‘Marlowe’ Review: Liam Neeson in Neil Jordan’s Tired Raymond Chandler Reboot
Legendary characters don’t die. They keep getting reinvented. If they exist in fiction, new authors come along to create new adventures for them. And if they exist onscreen, you can bet that a remake or reboot will come along every generation or so in hopes of recapturing that lightning in a bottle.
And often both happens, as is the case with Philip Marlowe, the iconic hard-boiled detective invented by Raymond Chandler and portrayed onscreen over the decades by actors including Dick Powell, Humphrey Bogart, Robert Montgomery, James Garner, Elliott Gould, Robert Mitchum and probably others I’ve forgotten.
The Bottom Line
Forget it, Jake, it’s not ‘Chinatown.’
The latest tough guy actor to don the fedora is Liam Neeson, in director Neil Jordan’s new film based on a 2014 novel by John Banville, writing under the name Benjamin Black. Suffice it to say that the results won’t erase anyone’s memories of The Big Sleep or The Long Goodbye. Sticking to film noir traditions to a fault (minus the black & white), Marlowe feels mostly like cinematic karaoke.
It’s not surprising that this effort taking place in Los Angeles in the late 1930s would hew so carefully to nostalgia. The last really good Marlowe movie, 1975’s Farewell, My Lovely (starring Mitchum, who, in my estimation, best embodied the role), came out nearly half a century ago. It’s safe to say that the majority of the intended audience is well into renewing their AARP subscriptions.
As is Neeson, who at 70 is certainly the oldest actor to play the part. To his credit, the veteran actor, his hair dyed an unflattering brown, acknowledges the fact. Right after quickly dispatching a bad guy half his age, his Marlowe mutters, “I’m getting too old for this,” a sentiment that the actor’s agent would probably dispute.
The film begins with the requisite beautiful woman, Clare Cavendish, walking into Marlowe’s office and hiring him to find her former lover. She’s played by Diane Kruger, who was born to play femme fatales (she recently filled a similar bill in Out of the Blue, Neil LaBute’s misbegotten stab at the genre). His search leads the world-weary private eye into a typically convoluted narrative involving a variety of shady characters, including a menacing Hollywood studio head played by Danny Huston, whose appearance inevitably brings to mind his legendary father John Huston’s similar role in 1974’s Chinatowna far more imaginative homage to the genre.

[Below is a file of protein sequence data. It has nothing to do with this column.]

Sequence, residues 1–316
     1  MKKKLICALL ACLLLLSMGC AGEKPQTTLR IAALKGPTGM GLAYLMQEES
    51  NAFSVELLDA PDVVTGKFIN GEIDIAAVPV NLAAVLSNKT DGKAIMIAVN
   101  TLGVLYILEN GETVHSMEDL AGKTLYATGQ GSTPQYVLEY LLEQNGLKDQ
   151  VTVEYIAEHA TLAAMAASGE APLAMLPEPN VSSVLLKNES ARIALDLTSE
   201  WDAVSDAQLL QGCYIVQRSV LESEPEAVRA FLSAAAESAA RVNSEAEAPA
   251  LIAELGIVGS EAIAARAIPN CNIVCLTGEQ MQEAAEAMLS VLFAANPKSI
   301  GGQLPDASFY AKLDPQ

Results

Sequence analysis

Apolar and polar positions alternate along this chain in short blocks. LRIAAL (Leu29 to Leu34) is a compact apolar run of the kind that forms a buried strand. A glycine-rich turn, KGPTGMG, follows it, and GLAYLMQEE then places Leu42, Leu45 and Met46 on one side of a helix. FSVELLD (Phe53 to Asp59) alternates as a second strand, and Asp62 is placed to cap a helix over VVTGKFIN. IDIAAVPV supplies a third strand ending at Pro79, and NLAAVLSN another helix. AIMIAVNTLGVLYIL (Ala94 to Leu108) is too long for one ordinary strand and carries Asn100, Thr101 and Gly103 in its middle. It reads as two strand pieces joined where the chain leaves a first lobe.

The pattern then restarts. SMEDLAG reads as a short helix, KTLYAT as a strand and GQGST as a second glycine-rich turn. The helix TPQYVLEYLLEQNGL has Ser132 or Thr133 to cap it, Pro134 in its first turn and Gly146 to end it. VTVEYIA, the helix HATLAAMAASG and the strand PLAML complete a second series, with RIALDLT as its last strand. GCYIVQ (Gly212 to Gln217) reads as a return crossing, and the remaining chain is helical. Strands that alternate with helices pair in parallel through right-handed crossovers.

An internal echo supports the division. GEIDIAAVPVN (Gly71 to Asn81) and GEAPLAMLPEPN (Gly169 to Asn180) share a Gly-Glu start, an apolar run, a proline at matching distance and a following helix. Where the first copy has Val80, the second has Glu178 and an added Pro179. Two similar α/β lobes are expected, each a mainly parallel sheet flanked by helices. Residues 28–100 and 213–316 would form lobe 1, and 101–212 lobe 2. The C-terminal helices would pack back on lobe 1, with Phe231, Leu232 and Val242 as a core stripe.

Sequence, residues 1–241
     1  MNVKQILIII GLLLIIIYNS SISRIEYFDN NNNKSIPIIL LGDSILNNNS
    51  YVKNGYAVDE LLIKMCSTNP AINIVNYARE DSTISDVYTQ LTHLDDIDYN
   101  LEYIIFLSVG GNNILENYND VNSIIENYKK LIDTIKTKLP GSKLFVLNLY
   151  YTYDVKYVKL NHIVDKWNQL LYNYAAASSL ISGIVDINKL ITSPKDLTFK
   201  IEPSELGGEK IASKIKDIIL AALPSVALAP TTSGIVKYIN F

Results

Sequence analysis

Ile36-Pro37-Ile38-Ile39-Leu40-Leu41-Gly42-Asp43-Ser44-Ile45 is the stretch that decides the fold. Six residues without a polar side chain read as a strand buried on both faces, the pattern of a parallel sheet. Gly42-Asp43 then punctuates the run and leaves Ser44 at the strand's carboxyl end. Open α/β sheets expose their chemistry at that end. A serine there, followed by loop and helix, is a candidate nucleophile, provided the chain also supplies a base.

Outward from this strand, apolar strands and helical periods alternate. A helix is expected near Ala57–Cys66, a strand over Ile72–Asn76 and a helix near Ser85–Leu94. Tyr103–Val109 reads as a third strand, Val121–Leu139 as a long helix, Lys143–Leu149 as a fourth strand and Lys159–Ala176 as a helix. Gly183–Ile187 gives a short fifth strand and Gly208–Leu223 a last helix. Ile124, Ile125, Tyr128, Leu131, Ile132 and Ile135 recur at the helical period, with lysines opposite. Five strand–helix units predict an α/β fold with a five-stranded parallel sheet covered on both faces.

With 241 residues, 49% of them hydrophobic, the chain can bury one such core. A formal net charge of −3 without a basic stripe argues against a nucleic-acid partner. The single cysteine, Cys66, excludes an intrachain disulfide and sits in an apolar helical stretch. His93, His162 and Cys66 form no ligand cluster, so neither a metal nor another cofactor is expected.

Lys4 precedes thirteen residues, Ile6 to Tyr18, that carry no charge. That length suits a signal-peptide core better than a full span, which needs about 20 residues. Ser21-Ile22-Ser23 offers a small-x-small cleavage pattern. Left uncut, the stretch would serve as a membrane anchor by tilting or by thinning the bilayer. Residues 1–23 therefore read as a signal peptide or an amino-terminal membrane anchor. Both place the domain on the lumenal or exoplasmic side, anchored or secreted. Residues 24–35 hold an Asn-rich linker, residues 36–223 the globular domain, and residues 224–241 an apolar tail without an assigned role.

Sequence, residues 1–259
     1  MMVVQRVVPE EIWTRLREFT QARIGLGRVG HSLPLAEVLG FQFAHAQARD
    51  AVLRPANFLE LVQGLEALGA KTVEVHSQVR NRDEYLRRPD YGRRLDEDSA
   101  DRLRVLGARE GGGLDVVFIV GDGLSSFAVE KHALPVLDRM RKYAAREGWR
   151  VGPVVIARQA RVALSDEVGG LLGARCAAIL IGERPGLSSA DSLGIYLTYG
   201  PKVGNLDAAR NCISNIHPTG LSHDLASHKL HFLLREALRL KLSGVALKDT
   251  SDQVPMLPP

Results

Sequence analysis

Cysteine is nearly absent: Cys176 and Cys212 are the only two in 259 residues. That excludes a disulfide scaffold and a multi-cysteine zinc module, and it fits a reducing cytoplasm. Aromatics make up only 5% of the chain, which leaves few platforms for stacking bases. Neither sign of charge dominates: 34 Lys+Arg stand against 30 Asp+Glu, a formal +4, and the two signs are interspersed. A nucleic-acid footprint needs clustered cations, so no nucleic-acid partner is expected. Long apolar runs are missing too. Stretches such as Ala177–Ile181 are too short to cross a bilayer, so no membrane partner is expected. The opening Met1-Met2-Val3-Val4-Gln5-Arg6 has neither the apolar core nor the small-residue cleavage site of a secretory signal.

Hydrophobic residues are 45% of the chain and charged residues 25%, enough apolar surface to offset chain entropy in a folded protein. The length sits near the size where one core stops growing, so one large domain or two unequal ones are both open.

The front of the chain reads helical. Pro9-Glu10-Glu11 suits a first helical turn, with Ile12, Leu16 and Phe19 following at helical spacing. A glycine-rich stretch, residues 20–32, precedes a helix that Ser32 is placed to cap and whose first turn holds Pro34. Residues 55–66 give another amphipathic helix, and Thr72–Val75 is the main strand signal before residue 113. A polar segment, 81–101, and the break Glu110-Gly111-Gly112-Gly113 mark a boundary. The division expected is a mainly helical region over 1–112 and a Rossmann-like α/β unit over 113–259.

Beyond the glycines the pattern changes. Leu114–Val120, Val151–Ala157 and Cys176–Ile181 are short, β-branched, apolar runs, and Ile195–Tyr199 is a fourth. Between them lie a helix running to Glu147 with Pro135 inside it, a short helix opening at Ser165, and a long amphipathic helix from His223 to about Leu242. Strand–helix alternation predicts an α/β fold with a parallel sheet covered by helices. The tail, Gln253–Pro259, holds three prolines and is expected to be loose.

There’s also a sleazy nightclub owner (is there any other kind?) played by Alan Cumming, clearly relishing the opportunity to employ a molasses-thick Southern accent and utter such lines as “down in the land of the sombrero, the serape and the mule. ” when referring to Mexico. I don’t know whether the line comes from the novel or was created by screenwriter William Monahan, but if it’s the latter it represents a comedown from his Oscar-winning work on The Departed. Although you have to give him credit for managing to work in references to James Joyce, Strunk and White’s classic The Elements of Styleand that other Marlowe, Christopher.
The other supporting characters, who generate the feeling of figures on a Marlowe-themed board game, include the client’s mother, a jaded Hollywood star (a terrific Jessica Lange, also no stranger to the genre); a couple of Marlowe’s former police colleagues (a colorful Colm Meaney and Ian Hart); and a soft-spoken chauffeur not to be trifled with (Adewale Akinnuoye-Agbaje, nearly stealing the picture).
Neeson’s imposing physicality and natural gravitas gives the character a suitable authority, with his advanced years adding a not-unwelcome vulnerability. He certainly wears the fedora and wool suits well, and his oft-repeated phrase “Fair enough” when dealing with difficult situations conveys an interesting air of resignation.
There are frequent sly references to past private eye films, including Marlowe interviewing a minor movie actress wearing make-up making it look like her eye has been shot out just like Faye Dunaway’s in Chinatown. Marlowe certainly has the visual feel of many of its inspirations, with its vintage architecture (Barcelona filled in for 1930’s LA), handsome period costumes, and a plethora of scenes featuring horizontal shadows created by window blinds. There’s also a lot of cigarette-smoking onscreen, the filmmakers are not trying to pretend that everyone back then wasn’t in the process of destroying their lungs.
But for all the authentic genre tropes on display, Marlowe never comes to life on its own, lacking the verve or wit to make it feel anything other than a great pop song played by a mediocre cover band.
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